Robert 'Say' McIntosh, Little Rock activist and 'sweet potato pie king,' dies at 79

Robert "Say" McIntosh is shown during the Holiday Open House and Say it Ain't Say's Sweet Potato Pie Contest at the Mosaic Templars Cultural Center in this Dec. 8, 2019 file photo. (Arkansas Democrat-Gazette/Helaine R. Williams)


Robert "Say" McIntosh, a political and community activist who was known for his high-profile attacks on Bill Clinton and his activism for Little Rock's Black community, died Saturday at age 79 after a cardiac arrest.

Born in 1943 in Osceola, Miss., McIntosh moved to Little Rock as one of 11 siblings. After dropping out of high school, he entered the restaurant business and started his own restaurant, serving a sweet potato pie that eventually led to him being known as the "Sweet Potato Pie King of Little Rock."

Key Fletcher, director of the Mosaic Templars Cultural Center in Little Rock, said the cultural center's Say It Ain't Say's Sweet Potato Pie Contest -- named in honor of McIntosh -- was more than just a pie contest, but a symbol of McIntosh's philanthropic spirit and legacy.

"He has definitely been a trailblazer in Arkansas history," Fletcher said. "He's known for giving back through the community."

"I've heard tons of stories about how he's given back with his spirit of food and giving," Fletcher added. "His pies are legendary."

McIntosh was an influential member of Little Rock's Black community -- he created Little Rock's Black Santa Claus who distributed toys to children in need, leading former Arkansas Gov. David Pryor to declare Christmas Eve in 1976 as Robert "Say" McIntosh Day. He later partnered with the Mosaic Templars Cultural Center for the toy drive, Fletcher said.

Stacie "Mack" McIntosh, the daughter of one of Robert McIntosh's brothers, said she plans to take up the Black Santa Claus mantle in the absence of her uncle.

"He showed white children that a Black man can be nice to you, give you gifts, give you candy, give you money," Stacie McIntosh said. "My uncle would teach them who's number one in you life, and the right answer is God. And so my uncle would teach everyone about God and to love each other and everything, when I was little and he came and played Black Santa. ... People really just don't know how amazing he is."

While an active member of his community, it wasn't always his charitable actions that gained widespread attention. According to the Encyclopedia of Arkansas, Robert McIntosh supposedly earned his nickname "Say" because he never failed to make his opinions known on the issues that affected his community.


Kenneth "Muskie" Harris, the Republican nominee for lieutenant governor in 1990, said that no one was safe from being confronted by Robert McIntosh, including himself during his campaign.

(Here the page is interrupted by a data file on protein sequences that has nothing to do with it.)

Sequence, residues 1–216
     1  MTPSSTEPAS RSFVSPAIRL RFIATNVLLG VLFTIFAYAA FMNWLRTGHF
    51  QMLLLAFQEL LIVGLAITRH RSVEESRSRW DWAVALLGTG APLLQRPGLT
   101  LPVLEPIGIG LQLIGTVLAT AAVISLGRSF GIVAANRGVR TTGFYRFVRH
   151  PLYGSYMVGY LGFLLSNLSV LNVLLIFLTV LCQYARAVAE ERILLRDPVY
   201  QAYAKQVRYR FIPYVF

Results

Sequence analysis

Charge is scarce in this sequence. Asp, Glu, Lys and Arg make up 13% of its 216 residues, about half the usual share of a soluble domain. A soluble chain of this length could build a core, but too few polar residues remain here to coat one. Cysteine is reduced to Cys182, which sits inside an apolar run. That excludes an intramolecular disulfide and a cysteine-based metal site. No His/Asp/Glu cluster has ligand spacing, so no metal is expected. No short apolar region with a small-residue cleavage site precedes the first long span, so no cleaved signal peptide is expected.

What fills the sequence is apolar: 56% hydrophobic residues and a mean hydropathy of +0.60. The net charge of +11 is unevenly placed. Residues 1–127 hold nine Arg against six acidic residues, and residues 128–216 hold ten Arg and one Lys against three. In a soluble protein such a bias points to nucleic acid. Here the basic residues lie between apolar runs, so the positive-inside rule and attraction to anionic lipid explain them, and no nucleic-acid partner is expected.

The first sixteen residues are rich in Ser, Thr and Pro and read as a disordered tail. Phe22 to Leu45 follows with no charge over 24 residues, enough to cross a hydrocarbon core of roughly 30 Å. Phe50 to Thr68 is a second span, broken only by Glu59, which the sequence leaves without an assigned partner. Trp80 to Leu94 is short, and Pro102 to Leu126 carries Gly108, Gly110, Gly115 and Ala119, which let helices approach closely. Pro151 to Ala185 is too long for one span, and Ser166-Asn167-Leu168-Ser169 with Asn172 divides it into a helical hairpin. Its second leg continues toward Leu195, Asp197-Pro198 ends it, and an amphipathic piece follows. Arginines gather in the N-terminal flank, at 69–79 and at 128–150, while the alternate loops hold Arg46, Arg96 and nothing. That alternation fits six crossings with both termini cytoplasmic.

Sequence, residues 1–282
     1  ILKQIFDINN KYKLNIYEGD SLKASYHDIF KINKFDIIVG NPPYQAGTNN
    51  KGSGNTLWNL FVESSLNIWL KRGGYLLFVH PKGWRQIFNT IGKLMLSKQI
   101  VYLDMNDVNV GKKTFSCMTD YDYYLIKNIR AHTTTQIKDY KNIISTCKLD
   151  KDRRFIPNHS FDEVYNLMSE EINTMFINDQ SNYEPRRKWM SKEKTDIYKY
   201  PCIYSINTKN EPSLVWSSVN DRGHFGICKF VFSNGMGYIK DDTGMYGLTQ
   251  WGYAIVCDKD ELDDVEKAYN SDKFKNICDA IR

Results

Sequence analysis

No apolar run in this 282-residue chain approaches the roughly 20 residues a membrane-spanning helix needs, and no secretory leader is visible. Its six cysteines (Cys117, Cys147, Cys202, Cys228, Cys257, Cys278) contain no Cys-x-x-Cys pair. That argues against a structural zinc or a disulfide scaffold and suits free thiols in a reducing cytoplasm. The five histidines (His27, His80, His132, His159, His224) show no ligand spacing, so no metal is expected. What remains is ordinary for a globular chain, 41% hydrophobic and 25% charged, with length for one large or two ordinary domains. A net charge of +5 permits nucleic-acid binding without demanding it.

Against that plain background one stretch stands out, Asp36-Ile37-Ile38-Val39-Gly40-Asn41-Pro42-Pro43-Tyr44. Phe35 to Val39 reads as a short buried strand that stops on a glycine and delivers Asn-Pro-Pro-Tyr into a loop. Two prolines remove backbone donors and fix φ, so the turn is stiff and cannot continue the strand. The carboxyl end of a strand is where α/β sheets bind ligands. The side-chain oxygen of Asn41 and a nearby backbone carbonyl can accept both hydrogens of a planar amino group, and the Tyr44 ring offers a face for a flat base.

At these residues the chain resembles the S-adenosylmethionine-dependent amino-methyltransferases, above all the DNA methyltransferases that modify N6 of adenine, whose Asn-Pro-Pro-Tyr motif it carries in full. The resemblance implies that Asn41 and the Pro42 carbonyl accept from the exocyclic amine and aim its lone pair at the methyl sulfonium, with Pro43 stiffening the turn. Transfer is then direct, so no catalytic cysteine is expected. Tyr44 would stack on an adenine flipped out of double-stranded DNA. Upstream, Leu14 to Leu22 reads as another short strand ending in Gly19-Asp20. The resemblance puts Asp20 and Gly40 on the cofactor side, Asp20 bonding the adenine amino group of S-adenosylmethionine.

"He touched a nerve," Harris said. "I don't care how much power you had, if you needed confronting, he's gonna confront you about it."

In 1981, Robert McIntosh affixed himself to a cross in front of the Arkansas Capitol during an anti-racism protest against state legislators and now-former Gov. Frank White. The act nearly cost McIntosh his life, Harris said. In another instance of protest, Robert McIntosh cut down a tree planted in honor of Martin Luther King Jr. to protest the Black community's exclusion from Little Rock's political processes.

In 1990, he assaulted Ralph Forbes, another Republican candidate for lieutenant governor and a white supremacist, on live TV before later announcing he would support Forbes in the election. He was also known for his distaste for former Gov. Bill Clinton, and took particular issue with the infidelity accusations lodged against Clinton. He distributed flyers around Little Rock decrying Clinton, and at one point claimed that Clinton had had an illegitimate child.

An outspoken activist with the goal of ending the gang-related violence that plagued Little Rock in the 1990s, Robert McIntosh began placing crosses to represent the death toll during the violent period in the city's history.

"He was a really true activist, with a backbone," Harris said. "You know how some activists just stick their hand or nose in certain things? He didn't stay in the lane. He did not stay in the lane. He was activist and he was touching all bases. I guarantee that's probably what he's gonna be known for, is that no was safe from being confronted for your behavior."

Harris said that Robert McIntosh never limited himself to Pulaski County. He would go to bat for people in other communities as well, Harris said, adding that rather than hurting the community, his acts of protest helped in a variety of areas.

"He made a lot of political offices be more transparent instead of doing things behind the door and making the decisions without proper procedure," Harris said.

According to Harris, what finally caused McIntosh to lose respect within the community was when he attacked a CNN reporter outside Little Rock's federal courthouse while trying to interrupt a live report on the verdicts in the Whitewater trial in 1996. McIntosh spent 73 days in the Pulaski County jail in 1998 after receiving an eight-month sentence for the assault.

Stacie McIntosh said her uncle had been sick for a long time before his passing, noting that he had been struggling with severe diabetes. He had been released from the hospital after a multi-day stay in the days before he passed, she said.

Her uncle was "no angel," Stacie McIntosh said, but he had a deep desire to make a difference for the Black community.

"He wanted people to know the truth about him and his legacy and what he did," Stacie McIntosh said. "There will never be another like him. He truly cared. he truly loved people, humanity. And he really wanted ... to empower the Black community. He wanted to empower people of color, period."



 Gallery: Robert 'Say' McIntosh, 1943-2022